Tons of problems with this but it's probably the most acceptable answer. At the same time one could posit there should be an equal chance of high intelligence on both land and oceans and by random luck it happened on land first.

>> No.14747493
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the ocean is a boiling cauldron of bigger fishes constantly eating smaller fishes. intelligent life doesn't have the luxury of forming except at the top of the food chain, like with mammals, or oddities like octopi that are hardwired with unusual agency

>> No.14747514

>why is high intelligence more common in more challenging environments?

>> No.14747517

I see the opposite being true, that you need an environment with more food, and greater incentive for intelligence -> getting more food, for intelligence to develop. Food in the ocean seems difficult to get, and being more intelligent than a dolphin wouldn't necessarily make you any better at hunting fish.
Early humans had both plentiful sources of fruits/veggies/bugs and animals, even ones far larger than themselves (mammoths) they could hunt.

>> No.14747576
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You wanna know the truth, fren? The most intelligent life form did exist in the ocean. But the CIA killed it.

>> No.14747598

orcas communicate with each other via sounds
they even have dialects

>> No.14747696

>why is high intelligence more common in more challenging environments?
It's not exactly more common on land per se. Primates and dolphins are comparative in intelligence yet of course dolphins have a huge setback due to having no practical appendages they can use for immediate learning.
In terms of intelligence per mammal, or maybe mammal intelligence per capita, I'd say the ocean is significantly higher.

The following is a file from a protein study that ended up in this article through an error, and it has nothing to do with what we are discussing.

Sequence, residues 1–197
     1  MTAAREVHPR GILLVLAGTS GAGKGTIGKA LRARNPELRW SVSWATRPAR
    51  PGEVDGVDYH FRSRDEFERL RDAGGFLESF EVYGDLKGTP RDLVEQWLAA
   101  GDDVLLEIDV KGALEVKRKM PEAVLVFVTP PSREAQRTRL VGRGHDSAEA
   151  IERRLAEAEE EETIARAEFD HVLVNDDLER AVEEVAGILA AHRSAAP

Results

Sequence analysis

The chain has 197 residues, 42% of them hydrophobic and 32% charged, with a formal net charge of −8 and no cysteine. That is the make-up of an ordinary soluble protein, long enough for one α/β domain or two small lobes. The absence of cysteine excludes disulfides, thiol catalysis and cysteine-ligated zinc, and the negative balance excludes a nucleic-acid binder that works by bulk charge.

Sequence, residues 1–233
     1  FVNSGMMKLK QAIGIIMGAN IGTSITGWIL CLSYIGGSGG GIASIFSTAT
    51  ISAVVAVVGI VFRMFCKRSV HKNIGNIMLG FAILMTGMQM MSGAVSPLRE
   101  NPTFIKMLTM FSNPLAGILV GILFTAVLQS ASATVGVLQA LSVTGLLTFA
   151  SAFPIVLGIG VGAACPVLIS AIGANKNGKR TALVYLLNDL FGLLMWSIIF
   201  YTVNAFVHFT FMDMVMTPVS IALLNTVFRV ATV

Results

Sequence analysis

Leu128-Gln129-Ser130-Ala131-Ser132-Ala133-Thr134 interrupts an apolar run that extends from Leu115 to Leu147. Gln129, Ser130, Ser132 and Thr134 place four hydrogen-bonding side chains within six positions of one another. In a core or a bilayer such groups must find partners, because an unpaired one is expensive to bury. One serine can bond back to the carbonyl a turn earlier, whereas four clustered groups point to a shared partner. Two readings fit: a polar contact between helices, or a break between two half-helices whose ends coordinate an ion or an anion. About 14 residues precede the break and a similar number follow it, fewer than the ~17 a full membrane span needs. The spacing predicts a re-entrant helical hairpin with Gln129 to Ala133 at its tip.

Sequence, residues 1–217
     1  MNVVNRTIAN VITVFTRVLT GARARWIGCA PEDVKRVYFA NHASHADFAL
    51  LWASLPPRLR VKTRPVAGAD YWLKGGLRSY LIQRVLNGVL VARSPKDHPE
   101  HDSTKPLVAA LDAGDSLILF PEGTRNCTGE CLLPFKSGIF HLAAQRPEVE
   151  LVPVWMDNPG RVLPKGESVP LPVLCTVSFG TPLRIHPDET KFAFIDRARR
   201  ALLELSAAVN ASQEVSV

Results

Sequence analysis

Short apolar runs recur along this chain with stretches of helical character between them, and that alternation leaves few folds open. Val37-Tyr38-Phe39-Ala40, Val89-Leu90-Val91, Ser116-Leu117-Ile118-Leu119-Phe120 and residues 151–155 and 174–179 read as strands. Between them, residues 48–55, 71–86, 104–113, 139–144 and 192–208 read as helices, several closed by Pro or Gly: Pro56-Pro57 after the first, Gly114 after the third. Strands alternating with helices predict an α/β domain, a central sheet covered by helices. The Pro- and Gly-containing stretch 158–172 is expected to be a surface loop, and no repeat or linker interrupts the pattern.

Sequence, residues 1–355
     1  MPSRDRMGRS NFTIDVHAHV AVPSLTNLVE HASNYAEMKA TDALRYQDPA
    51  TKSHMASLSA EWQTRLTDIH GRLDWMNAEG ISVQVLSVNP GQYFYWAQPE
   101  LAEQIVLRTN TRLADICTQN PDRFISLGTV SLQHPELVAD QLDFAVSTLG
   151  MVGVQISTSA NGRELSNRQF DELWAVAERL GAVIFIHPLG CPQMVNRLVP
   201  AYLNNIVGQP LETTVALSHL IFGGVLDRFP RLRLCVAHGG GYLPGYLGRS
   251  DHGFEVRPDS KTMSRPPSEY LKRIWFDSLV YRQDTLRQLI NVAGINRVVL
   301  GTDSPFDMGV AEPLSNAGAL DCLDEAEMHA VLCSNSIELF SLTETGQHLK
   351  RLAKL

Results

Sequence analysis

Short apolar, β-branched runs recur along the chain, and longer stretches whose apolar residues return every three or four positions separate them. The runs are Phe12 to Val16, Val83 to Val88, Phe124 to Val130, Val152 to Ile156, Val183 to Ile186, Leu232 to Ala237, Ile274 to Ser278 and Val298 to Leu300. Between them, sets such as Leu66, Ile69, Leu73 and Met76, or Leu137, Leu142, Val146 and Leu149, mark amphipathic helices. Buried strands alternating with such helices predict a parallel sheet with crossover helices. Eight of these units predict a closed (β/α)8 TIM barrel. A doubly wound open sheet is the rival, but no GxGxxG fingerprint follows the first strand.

There's also octopi, which are practically aliens, and have no land counterpart. They are insanely smart.

>> No.14747728

it may be that you cant create easy heat and energy in the water (fire) so intelligent species dont have the opportunity to thrive better than non-intelligent

>> No.14748237

Im obviously oversimplifying, but imagine you are
>A random fish
>A decent predator
>A massively good predator that nothing threatens you
All in water of course. Then you, by magic, are born with a higher than normal intelligence. Way smarter than what a single lucky mutation could do, I'm talking like someone edited your genes to make you smart.
The small fish could hardly do anything. If it starts getting its own thoughts, that may get in the way of blindly following the school, and then he gets eaten anyway, or has trouble having offspring. I argue that for a small fish, intelligence is not a desirable trait.
Then you have the predator. I will argue that this is where intelligence shines, and why orcas are so smart. I argue that they are smart because they have to hunt in pods, and intelligence is important to do that. A dumb fish could never coordinate with its school.
Then you have the apex predator. Intelligence doesn't matter, why would it? You're a white shark, you can be as dumb as a rock and you're the perfect design anyway. Even if you develop intelligence, I don't think apex predators have enough offspring to evolve a lot. They live for so long, have no selection pressure for intelligence, and have few offsprings, they're almost the opposite of bacteria. I imagine the evolutionary rate depends on the amount of offspring per year.
Then you have another thing. Orcas developed enough intelligence to hunt together in pods, but through that they became apex predators like sharks. I think their intelligence was bound to be limited by the fact that they stopped being threatened, that they stopped having to adapt.

I think intelligence comes from the need to adapt. Humans never became the apex predators, the bosses of their environments. We had natural disasters, sickness, famines and even other people to deal with, and wild animals of course, most of which are stronger.

>> No.14748454